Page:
All Senate Republicans vote against wage equality among genders…even the women


Paul Buckowski, Times Union

Despite ample protests and disagreement toward unequal wages among men and women, Republican senators still voted agaist resolving the issue.

One would think that in the year 2014 with an African-American leading the free world, a Hispanic leading the Catholic Church, and three different women holding the positions of Speaker of the House and Secretary of State within the past ten years, that something as simple as wage equality among genders would certainly be common sense, right? Wrong.

Last week, the Democratic senate members attempted for the third time in recent years to get legislation passed for equal pay among genders. However, every single Republican senate member voted against it being passed, including the women.

Why, as a woman living and working in a world where her rights were worked so extremely hard for and earned so valiantly, would you vote against something as simple as equal compensation among genders? It simply does not make sense.

Today, women graduate from college and graduate schools at higher rates than men and make up about half of the U.S.’s workforce. Also, last year, it was found that almost half of all women are either the only or the primary breadwinners for their families in today’s American households. So, why should they be paid less than their male spouses and coworkers? They shouldn’t.

A woman making less than a man in the same occupation is not only wrong and unjust, it is a violation of her rights as an American. Our Founding Fathers clearly and boldly stated in The Declaration of Independence, “all men are created equal.” However, this injustice certainly isn’t equal.

Unfortunately, a serious issue that needs to be resolved has once again been subjected to and pushed aside by the constant battle between the republicans and the democrats. So much hatred exists between the two parties that too often, problems do not get solved because of the immense amount of time and effort it takes to reach a compromise; and many a time, the compromise just isn’t enough.

In a statement after the vote, House Minority Leader Nancy Pelosi remarked, “The promise of equal pay for equal work should not be a partisan issue- it should be a matter of common sense and fairness, an essential step for the security of our families, the growth of our economy, and the strength of our middle class.”

Also last week, after the vote against wage equality and after only two short months of getting legislation passed to raise the minimum wage, President Obama once again fought for the rights of American workers. In an effort to fight back against the senate Republicans for equal pay among genders, President Obama declared April 8th to be National Equal Pay Day. On this day, the president signed an executive order to eliminate discrimination in the workforce and motivate workers to take a stand by negotiating their pay.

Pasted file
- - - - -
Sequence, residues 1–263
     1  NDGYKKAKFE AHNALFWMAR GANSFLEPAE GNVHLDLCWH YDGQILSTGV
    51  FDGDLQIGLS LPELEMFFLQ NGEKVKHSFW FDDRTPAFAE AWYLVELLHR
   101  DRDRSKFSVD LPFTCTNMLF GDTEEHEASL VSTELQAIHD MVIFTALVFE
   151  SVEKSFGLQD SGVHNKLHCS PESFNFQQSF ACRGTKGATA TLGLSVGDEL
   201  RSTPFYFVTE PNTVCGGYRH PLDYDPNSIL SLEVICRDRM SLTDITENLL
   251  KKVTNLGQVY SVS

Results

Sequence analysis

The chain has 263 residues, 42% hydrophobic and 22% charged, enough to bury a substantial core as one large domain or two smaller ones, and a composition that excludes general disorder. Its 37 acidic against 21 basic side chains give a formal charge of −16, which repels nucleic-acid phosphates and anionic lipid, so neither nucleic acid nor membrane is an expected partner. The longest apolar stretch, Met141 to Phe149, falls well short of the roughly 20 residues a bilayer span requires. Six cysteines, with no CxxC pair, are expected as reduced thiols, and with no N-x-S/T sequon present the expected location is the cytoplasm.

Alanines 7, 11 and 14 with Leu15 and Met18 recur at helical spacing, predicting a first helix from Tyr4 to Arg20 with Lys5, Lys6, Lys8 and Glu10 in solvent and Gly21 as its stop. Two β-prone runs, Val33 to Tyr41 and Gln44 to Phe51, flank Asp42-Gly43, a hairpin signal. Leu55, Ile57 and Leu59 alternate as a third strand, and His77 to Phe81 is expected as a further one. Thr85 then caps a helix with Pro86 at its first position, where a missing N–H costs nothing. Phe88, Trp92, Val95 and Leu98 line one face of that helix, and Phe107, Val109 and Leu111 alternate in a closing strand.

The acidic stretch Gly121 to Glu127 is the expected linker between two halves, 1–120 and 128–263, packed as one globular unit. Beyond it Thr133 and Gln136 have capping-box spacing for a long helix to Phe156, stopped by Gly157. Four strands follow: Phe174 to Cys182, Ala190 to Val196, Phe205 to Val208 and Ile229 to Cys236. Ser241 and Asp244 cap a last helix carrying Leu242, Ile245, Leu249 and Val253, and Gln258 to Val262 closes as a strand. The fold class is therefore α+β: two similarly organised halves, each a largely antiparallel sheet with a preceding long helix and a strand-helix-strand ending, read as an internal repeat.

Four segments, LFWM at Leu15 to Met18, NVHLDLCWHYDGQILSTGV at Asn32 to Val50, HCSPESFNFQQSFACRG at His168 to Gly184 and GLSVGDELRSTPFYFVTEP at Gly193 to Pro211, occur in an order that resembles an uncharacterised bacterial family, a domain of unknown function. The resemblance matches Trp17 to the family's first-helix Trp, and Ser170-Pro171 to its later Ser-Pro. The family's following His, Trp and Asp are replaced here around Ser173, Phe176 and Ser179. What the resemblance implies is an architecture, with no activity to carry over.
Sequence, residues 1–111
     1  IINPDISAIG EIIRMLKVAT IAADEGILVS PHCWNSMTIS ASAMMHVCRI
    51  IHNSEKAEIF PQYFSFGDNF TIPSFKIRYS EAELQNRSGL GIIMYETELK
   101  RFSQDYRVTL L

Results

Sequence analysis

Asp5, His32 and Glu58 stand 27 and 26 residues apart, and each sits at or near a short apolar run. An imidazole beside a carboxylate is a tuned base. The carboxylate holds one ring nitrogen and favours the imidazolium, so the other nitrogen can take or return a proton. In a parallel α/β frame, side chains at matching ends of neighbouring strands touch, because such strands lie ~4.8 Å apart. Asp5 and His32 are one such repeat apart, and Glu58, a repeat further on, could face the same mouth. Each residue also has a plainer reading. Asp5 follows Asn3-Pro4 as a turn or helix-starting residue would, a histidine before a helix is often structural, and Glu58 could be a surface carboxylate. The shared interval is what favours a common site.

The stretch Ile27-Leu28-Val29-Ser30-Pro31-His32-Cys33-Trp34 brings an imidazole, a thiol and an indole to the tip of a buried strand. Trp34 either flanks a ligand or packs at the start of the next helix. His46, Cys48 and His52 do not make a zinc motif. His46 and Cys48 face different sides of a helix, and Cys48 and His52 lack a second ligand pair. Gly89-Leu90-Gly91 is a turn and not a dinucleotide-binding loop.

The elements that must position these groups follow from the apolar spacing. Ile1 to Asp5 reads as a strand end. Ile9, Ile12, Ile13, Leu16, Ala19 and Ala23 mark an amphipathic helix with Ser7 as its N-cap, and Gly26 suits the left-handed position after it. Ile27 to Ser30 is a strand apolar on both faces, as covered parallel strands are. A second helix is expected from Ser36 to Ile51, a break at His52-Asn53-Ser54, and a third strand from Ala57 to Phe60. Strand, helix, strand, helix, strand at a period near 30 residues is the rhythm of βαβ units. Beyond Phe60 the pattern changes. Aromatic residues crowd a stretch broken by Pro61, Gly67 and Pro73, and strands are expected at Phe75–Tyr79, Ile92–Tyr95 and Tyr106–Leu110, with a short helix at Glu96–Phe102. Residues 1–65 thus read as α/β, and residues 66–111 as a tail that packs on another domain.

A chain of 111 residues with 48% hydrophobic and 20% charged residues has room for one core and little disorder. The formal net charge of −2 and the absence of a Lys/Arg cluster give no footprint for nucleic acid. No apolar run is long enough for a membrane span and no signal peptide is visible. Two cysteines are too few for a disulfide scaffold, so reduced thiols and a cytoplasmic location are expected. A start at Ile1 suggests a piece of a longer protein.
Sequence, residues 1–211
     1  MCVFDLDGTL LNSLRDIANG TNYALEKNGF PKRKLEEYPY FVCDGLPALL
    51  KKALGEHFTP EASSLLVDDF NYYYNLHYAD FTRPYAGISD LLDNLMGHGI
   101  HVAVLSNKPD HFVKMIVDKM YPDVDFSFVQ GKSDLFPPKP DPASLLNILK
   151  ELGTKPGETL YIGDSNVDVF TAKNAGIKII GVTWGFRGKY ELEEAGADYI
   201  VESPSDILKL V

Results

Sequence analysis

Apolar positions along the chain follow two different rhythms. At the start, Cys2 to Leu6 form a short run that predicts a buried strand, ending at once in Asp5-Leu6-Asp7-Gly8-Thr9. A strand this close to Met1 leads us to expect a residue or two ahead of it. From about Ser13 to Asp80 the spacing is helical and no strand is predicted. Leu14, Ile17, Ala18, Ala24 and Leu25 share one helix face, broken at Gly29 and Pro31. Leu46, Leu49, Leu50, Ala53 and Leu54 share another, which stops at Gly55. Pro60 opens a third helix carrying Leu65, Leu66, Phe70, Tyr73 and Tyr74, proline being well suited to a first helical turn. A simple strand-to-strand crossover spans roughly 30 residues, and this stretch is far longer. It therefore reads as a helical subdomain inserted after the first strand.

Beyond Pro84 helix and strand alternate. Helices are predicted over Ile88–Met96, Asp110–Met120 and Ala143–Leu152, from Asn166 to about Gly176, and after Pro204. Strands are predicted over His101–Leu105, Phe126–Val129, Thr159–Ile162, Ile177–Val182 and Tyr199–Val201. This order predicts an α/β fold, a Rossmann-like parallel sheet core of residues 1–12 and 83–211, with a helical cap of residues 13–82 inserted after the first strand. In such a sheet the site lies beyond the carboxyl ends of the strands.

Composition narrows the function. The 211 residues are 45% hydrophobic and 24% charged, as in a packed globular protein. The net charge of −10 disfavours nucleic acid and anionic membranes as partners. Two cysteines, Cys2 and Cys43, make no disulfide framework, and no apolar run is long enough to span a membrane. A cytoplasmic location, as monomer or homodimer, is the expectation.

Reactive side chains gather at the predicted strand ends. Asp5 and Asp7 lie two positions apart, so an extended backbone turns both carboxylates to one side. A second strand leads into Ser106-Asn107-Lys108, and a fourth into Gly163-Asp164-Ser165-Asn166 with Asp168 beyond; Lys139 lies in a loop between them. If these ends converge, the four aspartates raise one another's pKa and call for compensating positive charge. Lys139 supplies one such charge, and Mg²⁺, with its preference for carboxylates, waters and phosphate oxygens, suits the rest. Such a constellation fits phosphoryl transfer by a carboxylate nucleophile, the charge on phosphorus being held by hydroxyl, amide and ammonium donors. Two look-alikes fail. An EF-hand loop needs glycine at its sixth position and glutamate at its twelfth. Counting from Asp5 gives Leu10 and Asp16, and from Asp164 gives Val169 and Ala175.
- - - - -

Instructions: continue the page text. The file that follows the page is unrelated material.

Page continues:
The President is also having Secretary of Labor Tom Perez require federal contractors to submit proof that employers are actually complying with his order, via data on employee compensation by race and gender. The hope is that absolute fair and equal pay among American workers is ensured.

In his most recent State of the Union address, President Obama remarked, “When women succeed, America succeeds.” Our recovering and growing economy cannot afford to have anybody working for its betterment and strengthening held back or prevented from giving their all and working their hardest.

One member of Academy’s prestigious English department, Dr. Lauren Oetinger, was quite upset over the senate Republicans’ vote. She stated, “It’s sad to me that [wage equality among genders] would become a party line issue, instead of an issue of human equality. It’s 2014, it’s time for women to be getting paid as much as men. We are certainly not at the end of an economic battle, but it’s disturbing that women get paid less than men in this day and age and it’s disappointing to me that we’re still fighting this fight. What I think is most troubling is that this issue has seemed to affect an entire party and fundamentally, it’s distressing.”

Interestingly enough, she also remarked, “It would not surprise me if Pope Francis were to tackle this issue, because he seems to be taking a stand on all of the hot button issues that other popes have been afraid to face. I feel as if there is a global climate of change in the air, so I don’t think we’ve seen the last of the issue of equal pay for women. However, it is still incredibly disheartening that not only was it voted against, but it was a unanimous decision among every, single Republican, including the women.”

All we as Academy woman can do is hope and pray that we will see a change in wage equality among genders in our lifetime. Also, most importantly, we must stay committed to our education so that one day we may be empowered and have the opportunity to change the world forever.